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14th April, 2014:-
Following on from the recent article Trading the Second Set, I have recently added the train % of players since July 2014 to the lead loss/recovery sheets, and this information is superb at highlighting match-ups where this approach can be used.
Using the overall data on the lead loss/recovery sheets, from 1/7/14 to 10/4/16, 46.98% of second sets on the ATP Tour ended up in trains - effectively situations where the winner of the first set won the second set without either going a break down or losing a set and break lead to get back on serve.
34.06% (927/2722) of first set losers took the first break of the second set, so it is easy to work out that 18.96% of scenarios resulted in the first set loser going a break down and then getting this break back to get back on serve. It's important to note this isn't the set and break recovery percentage, which is 28.76%.
Three matches were highlighted today in the lead loss/recovery sheets as having very low potential for a train. With players on the lead loss sheets 'training' 46.98% when they won set one, and players on the recovery sheets found their opponents 'training' 44.28%, we can add the two figures together to get a combined average figure, (46.98+44.28) = 91.26.
Looking at match-ups where the first set winner train % and first set loser opponent train % combined to be less than 75, I found three matches in Monte Carlo today:-
Benoit Paire vs Andy Murray:-
If Paire won the first set, the two scores combined two generate 57.80 (28.95% + 28.85%) - well below the 91.26 average. It is clear that based on historical data, Paire taking the first set would make him much more vulnerable than average to struggle to win set two easily. That's all we need really as situational traders - we just want to take advantage of price movements in the Paire price, as opposed to worrying who will actually win the match.
According to the lead loss/recovery spreadsheets, the other two match-ups with potential for averaging down were the following:-
Dominic Thiem (set 2 train 40.74%) vs Rafael Nadal (set 2 opponent train 25.71%) = 66.45 combined.
Marcel Granollers (set 2 train 26.32%) vs David Goffin (set 2 opponent train 30.77%) = 57.09 combined.
Prior to doing this, I checked out six months of historical lead loss/recovery data from October 2015 to April 2016.
It's worth noting that there were some scenarios also where players won the first set that weren't covered by the lead loss/recovery sheets when their opponent was (e.g. their ATP main draw sample was too small due to mainly playing Challengers) and I'll talk about how to incorporate these players later in the article. Adding these players to the sample using expectation data would have boosted the sample significantly.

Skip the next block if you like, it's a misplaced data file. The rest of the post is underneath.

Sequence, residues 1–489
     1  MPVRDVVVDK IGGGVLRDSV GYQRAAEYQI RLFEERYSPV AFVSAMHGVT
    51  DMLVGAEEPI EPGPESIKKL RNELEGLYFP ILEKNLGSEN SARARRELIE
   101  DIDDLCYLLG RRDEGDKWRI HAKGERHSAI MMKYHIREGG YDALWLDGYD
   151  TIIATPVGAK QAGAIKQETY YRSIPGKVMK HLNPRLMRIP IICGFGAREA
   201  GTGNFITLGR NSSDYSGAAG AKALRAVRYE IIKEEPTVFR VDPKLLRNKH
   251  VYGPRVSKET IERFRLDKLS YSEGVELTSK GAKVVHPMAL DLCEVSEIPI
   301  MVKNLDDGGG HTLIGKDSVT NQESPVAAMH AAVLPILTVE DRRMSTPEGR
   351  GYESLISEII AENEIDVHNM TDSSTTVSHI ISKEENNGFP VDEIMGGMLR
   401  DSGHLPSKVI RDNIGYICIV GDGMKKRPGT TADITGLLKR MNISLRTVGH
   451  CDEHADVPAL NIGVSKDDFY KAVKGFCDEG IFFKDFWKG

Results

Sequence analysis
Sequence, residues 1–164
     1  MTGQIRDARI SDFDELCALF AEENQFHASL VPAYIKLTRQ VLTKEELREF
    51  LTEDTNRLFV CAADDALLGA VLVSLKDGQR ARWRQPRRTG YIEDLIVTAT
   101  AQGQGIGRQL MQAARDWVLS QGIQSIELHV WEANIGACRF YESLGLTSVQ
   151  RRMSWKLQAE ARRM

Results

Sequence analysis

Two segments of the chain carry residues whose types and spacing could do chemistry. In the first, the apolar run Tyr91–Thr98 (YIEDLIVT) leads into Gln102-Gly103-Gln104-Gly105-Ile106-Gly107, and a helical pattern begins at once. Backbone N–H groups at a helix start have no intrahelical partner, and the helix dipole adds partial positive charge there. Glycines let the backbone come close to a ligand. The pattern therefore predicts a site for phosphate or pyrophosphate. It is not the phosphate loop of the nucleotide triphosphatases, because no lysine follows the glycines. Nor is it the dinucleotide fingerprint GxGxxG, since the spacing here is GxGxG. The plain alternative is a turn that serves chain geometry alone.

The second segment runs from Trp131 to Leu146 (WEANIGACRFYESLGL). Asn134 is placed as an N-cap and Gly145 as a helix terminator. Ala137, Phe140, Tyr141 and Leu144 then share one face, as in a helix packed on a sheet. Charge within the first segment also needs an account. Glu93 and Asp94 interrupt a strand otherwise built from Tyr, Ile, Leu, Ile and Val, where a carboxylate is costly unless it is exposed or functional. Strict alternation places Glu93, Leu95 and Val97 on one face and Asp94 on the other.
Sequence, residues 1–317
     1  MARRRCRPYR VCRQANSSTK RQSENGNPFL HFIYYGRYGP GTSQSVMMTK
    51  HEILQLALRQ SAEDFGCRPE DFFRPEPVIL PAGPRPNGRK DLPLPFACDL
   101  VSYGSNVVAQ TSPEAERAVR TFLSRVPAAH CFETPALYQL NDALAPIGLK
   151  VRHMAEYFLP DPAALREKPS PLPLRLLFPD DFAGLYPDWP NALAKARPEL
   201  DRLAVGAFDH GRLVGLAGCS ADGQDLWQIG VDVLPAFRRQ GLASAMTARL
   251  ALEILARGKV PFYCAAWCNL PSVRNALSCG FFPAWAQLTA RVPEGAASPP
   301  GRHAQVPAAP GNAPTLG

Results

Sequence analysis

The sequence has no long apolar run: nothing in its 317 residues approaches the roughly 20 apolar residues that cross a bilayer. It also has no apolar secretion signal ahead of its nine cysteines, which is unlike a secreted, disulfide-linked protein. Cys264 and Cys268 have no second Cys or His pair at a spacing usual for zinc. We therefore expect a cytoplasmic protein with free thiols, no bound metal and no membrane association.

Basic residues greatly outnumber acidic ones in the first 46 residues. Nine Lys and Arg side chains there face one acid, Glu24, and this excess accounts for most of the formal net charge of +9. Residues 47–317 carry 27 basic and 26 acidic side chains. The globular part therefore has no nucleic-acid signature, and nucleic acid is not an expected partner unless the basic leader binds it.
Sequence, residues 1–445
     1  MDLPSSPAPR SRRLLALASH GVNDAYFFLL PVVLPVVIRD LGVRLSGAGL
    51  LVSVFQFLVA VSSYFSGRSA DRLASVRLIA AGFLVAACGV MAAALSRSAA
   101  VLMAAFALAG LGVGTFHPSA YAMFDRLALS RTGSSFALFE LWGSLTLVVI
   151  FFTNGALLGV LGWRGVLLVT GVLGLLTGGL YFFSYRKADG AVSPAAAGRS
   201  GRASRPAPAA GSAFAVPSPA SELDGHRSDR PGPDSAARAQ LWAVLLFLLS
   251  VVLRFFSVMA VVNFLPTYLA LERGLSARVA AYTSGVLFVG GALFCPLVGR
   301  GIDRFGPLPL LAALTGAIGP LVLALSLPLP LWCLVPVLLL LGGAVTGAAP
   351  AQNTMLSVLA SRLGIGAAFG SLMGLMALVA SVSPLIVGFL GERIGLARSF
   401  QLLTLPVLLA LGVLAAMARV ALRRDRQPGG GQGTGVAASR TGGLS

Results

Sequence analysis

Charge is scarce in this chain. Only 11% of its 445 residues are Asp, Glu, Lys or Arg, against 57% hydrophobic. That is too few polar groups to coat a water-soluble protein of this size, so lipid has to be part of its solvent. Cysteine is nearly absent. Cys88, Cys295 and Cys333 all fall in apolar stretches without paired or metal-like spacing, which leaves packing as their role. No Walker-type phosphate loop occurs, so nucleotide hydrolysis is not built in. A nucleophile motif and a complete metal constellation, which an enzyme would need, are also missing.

Overall, we can see that of the filtered first set losing players, 46.6% took the first break of set two, with 22.4% recovering from a set and break down, and 31% losing to their opponent via a train.
This is much better than the overall lead loss/recovery data established earlier with 34.06% taking the first break of set two, 18.96% recovering from a set and break down, and 46.98% losing to their opponent via a train. Effectively using these filters we've been able to reduce the train percentage from almost 47% to 31%, although this should be able to be further improved by filtering further for first set losing players whose stats reflected competitiveness in the opening set.
The train percentage in the WTA in my sample was also low at 27.3%, compared to the overall lead loss/recovery spreadsheet percentage of 37.28%:-
Calculating Expectation Ratios:-
Earlier in the article I mentioned that it would be useful to calculate expectations for the Challenger players playing on the main tour who aren't included in the lead loss/recovery spreadsheets. This isn't a perfect method, but it's as good as there will be...
In the time period of the lead loss/recovery sheets, the mean ATP service hold was 79.7% across all surfaces, and there were 46.98% of second set trains. We can divide 79.7% by 46.98% to get a ratio of 1.70.
This would indicate the following:-
Player with mean hold percentage of 90% would train 52.94% of the time (90/1.70).
Player with mean hold percentage of 70% would train 41.18% of the time (70/1.70).
We can do the same with the WTA, where mean service hold was 64.4% and the mean train percentage was 37.28%. Here we get a ratio of 1.73 - almost identical to the ATP ratio.
We can now use these ratios for players who don't have lead loss/recovery stats due to sample size issues when they play against players included in the lists - now around 130 players on each of the ATP and WTA Tours.
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